North Korea has reiterated that it has no immediate plans to resume nuclear negotiations with the United States, unless Washington rejects what it describes as “hostile” policies towards Pyongyang.
North Korea’s first deputy foreign minister Choe Son Hui’s statement on Saturday came after US President Donald Trump’s former national security adviser John Bolton told reporters Thursday that Trump could ask for another summit with North Korean leader Kim Jong Un as an “October surprise”. before the US presidential election.
“Is it possible to dialogue or to have relations with the United States which persist in the hostile policy towards the DPRK in disregard of the agreements already concluded at the last summit? Choe said, referring to North Korea by its official name, the Democratic People’s Republic of Korea.
“We do not feel any need to meet face to face with the United States, because they do not consider the dialogue between the DPRK and the United States as a simple tool to deal with its political crisis,” he said. she declared.
Kim and Trump have met three times since the start of their high-stakes nuclear diplomacy in 2018, but negotiations have failed since their second summit in February of last year in Vietnam.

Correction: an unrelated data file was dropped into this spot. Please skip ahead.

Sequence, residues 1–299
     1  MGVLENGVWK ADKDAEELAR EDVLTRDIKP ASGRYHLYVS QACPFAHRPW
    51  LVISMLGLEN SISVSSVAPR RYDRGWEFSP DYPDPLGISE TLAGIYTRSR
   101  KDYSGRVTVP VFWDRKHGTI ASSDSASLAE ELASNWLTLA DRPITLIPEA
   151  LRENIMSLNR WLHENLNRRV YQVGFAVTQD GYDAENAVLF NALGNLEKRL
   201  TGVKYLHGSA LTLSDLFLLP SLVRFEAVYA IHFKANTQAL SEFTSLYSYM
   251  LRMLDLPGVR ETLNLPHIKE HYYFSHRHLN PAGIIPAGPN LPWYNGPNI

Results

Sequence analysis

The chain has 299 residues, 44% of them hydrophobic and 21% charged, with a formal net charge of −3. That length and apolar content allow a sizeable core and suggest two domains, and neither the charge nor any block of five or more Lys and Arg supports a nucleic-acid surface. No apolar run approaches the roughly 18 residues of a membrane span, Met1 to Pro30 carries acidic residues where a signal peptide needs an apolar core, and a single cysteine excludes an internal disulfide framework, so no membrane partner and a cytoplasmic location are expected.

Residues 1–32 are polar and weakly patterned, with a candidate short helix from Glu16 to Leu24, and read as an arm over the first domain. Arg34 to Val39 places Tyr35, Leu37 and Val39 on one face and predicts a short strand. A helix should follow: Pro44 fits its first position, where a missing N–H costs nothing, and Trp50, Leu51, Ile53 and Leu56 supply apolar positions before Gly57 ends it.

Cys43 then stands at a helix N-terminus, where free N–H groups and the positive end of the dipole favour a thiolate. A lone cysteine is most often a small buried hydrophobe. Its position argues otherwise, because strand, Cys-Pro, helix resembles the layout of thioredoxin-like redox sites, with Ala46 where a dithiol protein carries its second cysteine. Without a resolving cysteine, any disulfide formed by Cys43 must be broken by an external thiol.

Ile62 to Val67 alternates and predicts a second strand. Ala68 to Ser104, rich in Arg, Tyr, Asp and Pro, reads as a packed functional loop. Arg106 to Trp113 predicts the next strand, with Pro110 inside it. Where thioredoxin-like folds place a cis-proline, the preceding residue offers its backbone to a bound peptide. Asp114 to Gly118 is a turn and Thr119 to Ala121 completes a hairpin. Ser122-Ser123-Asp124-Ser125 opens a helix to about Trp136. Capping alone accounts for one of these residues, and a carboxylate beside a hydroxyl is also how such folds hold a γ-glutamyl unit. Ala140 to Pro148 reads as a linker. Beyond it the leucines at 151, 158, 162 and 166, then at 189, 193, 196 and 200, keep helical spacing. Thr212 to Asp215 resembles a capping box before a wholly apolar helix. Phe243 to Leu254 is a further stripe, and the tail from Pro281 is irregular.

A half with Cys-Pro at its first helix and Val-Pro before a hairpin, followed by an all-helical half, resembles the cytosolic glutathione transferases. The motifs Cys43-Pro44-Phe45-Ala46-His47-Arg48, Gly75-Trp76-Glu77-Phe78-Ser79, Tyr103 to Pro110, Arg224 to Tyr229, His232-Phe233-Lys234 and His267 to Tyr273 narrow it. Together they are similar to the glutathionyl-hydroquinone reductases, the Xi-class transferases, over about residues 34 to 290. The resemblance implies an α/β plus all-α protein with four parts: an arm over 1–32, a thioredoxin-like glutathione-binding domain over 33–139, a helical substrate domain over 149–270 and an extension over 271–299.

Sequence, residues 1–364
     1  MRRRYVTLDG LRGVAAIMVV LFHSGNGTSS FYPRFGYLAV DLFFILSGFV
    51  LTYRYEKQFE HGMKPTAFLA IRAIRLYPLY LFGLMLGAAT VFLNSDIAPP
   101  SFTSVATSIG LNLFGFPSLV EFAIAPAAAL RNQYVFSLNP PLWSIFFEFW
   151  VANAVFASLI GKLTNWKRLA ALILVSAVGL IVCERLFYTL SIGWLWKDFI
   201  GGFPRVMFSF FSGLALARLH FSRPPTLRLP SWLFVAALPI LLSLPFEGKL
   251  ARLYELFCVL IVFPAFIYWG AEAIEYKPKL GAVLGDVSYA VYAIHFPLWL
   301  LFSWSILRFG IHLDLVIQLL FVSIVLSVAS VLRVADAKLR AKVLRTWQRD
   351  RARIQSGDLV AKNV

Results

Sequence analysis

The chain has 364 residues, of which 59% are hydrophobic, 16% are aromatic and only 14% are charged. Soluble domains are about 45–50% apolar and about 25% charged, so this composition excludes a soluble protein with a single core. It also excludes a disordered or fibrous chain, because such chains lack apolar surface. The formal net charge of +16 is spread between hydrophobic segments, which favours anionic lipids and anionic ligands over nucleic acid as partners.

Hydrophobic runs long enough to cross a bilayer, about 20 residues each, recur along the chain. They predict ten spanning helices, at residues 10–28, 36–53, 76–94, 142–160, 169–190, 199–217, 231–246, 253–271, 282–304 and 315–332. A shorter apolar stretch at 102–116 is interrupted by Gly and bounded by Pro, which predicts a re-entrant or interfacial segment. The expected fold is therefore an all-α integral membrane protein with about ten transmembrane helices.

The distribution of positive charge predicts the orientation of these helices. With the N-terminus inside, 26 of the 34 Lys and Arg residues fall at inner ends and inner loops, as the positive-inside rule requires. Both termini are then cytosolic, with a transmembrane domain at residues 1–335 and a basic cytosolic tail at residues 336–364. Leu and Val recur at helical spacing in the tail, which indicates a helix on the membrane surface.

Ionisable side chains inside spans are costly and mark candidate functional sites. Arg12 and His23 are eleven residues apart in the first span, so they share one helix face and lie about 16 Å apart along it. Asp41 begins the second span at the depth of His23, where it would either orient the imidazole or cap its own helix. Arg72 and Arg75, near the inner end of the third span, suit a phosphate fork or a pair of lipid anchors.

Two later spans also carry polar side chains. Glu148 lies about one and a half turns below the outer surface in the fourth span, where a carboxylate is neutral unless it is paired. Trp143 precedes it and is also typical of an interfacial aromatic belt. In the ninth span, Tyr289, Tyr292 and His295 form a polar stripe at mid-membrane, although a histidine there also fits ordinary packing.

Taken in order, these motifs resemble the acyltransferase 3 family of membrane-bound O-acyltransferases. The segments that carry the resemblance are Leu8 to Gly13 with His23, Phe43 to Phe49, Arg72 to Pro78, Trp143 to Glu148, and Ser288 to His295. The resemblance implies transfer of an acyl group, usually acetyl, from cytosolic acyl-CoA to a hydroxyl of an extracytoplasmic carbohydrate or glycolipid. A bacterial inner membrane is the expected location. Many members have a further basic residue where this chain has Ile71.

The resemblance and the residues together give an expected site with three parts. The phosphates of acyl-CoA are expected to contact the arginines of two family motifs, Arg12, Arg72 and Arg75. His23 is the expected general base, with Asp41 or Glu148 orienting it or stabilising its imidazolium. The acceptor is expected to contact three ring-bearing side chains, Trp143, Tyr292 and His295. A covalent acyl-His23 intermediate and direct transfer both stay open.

At the summit, the United States rejected North Korean requests for significant sanctions relief in exchange for a partial surrender of its nuclear capacity.
Kim entered in 2020 by declaring to reinforce his nuclear deterrence in the face of American sanctions and pressures “of the gangster type”.
Choe’s statement followed a series of similar statements from the north that she would no longer give Trump high-level meetings that he could boast about for his foreign policy accomplishments unless it got something substantial in return.
Choe said that North Korea has already established a “detailed strategic schedule” to manage what it has described as American threats.
“The United States is wrong if it thinks things like the negotiations would still work for us,” she said.
In recent months, the North has also intensified pressure against South Korea, detonating an inter-Korean liaison office on its territory and threatening to abandon a bilateral military agreement aimed at reducing tensions.
It follows months of frustration over Seoul’s reluctance to defy U.S.-led sanctions and restart joint economic projects that would bring the shattered northern economy to life.
Official media in North Korea said on Friday that Kim, when overseeing a meeting of the ruling Workers’ Party political bureau on Thursday, had discussed “important foreign affairs issues” but had not clarified what it was.
South Korean President Moon Jae-in, who had lobbied hard to help set up the now stalled talks between Washington and Pyongyang, also voiced Tuesday in a videoconference with European leaders. hope that Trump and Kim will meet again before the US election. .
US Vice Secretary of State Stephen Biegun is scheduled to travel to South Korea next week to discuss the stalled talks with North Korea.